Sincerely,
Richard

Edit: Do smaller UUVs have different ways of sinking and rising than larger submarines?
Analogous to airships, there are rigid airships with compressible ballonets (Zeppelins) that can set their buoyancy arbitrarily like conventional submarines, and there are 'blimps' that are always slightly-heavier than air and use power to provide the final component of lift.

Likewise you either have an adjustable buoyancy submarine or one like above that is lighter than water but uses power to descend

The question of whether they can store enough compressed air would, I think, depend on the technology. If they used a variable volume plunger-like system on the submarine, they could change their volume for the same mass, losing no mass in the transition between buoyancy levels and no requirement to take in or vent air or water (nothwithstanding leaks). No idea if such a thing has been conceived or made.
 
  • #8
Blimps are simply non-rigid airships, they are lighter than air.
Once at sea, submarines use compressed air to adjust their ballast levels for neutral buoyancy or slightly negative buoyancy, then operate by using their diving planes to ‘fly’ through the water. Since military submarines all carry air compressors, as long as they have fuel (conventional or nuclear), they can recharge their air tanks as required. And since they all have snorkels, they don’t need to surface.
As for the ‘plunger’ system suggestion, submarine interiors are kept at one atmosphere, so what happens to the air/water that the plunger displaces as it cycles?
 
  • #9
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Blimps are simply non-rigid airships, they are lighter than air.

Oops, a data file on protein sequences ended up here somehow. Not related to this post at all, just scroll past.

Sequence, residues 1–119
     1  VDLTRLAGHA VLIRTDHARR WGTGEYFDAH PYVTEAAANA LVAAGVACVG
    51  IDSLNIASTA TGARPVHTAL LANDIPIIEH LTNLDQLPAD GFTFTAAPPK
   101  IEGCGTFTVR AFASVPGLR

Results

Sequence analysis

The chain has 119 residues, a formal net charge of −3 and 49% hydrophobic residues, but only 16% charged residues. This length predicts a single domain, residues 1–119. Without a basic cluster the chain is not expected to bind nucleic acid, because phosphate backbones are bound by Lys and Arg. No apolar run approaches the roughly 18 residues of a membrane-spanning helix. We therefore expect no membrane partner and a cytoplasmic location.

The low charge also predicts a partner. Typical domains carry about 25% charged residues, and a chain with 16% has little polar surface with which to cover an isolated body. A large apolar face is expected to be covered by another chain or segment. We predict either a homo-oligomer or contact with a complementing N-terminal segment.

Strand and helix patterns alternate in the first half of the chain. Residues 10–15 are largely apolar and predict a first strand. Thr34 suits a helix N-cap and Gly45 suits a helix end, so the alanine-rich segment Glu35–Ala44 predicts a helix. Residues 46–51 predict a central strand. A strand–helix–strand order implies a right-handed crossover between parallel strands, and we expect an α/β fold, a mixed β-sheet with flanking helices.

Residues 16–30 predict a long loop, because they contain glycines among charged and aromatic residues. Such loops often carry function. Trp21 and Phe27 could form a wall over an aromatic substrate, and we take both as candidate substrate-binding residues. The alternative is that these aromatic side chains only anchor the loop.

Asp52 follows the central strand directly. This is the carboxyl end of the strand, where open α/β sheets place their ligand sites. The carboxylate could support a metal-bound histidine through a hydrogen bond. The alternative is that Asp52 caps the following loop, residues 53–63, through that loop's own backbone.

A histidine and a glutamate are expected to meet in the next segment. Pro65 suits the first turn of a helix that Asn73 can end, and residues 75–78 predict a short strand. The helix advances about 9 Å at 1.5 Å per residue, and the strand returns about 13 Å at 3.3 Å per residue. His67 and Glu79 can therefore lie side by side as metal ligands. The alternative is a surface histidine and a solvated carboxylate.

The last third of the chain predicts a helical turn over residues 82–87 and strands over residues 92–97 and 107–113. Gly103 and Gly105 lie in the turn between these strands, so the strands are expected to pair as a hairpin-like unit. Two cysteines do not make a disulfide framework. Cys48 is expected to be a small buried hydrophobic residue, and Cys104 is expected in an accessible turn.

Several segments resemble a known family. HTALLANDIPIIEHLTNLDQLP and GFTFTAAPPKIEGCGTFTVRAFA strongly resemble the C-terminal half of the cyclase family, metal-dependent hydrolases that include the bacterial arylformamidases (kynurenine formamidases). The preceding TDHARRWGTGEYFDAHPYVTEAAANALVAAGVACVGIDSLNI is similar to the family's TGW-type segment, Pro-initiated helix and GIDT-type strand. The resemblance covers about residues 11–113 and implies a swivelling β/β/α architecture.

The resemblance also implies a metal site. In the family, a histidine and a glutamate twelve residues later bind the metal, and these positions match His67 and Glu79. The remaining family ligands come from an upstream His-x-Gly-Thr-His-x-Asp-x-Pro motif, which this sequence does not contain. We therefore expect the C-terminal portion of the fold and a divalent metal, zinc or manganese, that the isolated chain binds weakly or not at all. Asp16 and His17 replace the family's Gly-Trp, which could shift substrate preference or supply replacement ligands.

Only unmanned tethered blimps are lighter than air.

And, no, 'rigid' airships have variable ballonet pressures. Blimps have a fixed envelope without the capacity to adjust the pressure, dynamically.

There is an obvious reason why manned blimps are made to be heavier than air ... if you are lighter than air and have an engine failure ... ooops.

As for the ‘plunger’ system suggestion, submarine interiors are kept at one atmosphere, so what happens to the air/water that the plunger displaces as it cycles?
The plunger would (have to!) act into an evacuated or gaseous cavity at the outside of the vessel. I don't understand how you think I would be suggesting that penetrates to the living space and creates a pressurised cabin!?

Yes, there would be compressed gas in this operating cavity (if not evacuated from the outset) but as the OP has requested, there would never be a need to vent ballast tanks or require some source of gas. As I described, such a system would alter the volume of the submarine and keep the mass the same, whereas a conventional submarine adjust the weight and keeps the same volume. In such a case (conventional submarine; fixed displacement, variable mass), an external source of gas is required (conventionally, periodic resurfacing). In the former case (my suggestion, to answer the OP; fixed mass, variable displacement), no external sources of gas are required.
 
  • #10
Baluncore
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There is an obvious reason why manned blimps are made to be heavier than air ... if you are lighter than air and have an engine failure ... ooops.
You can alway vent or compress a small volume of lifting gas. Compression of lifting gas from the internal bags into gas bottles was used in rigid airships like the Zeppelins to control the buoyancy.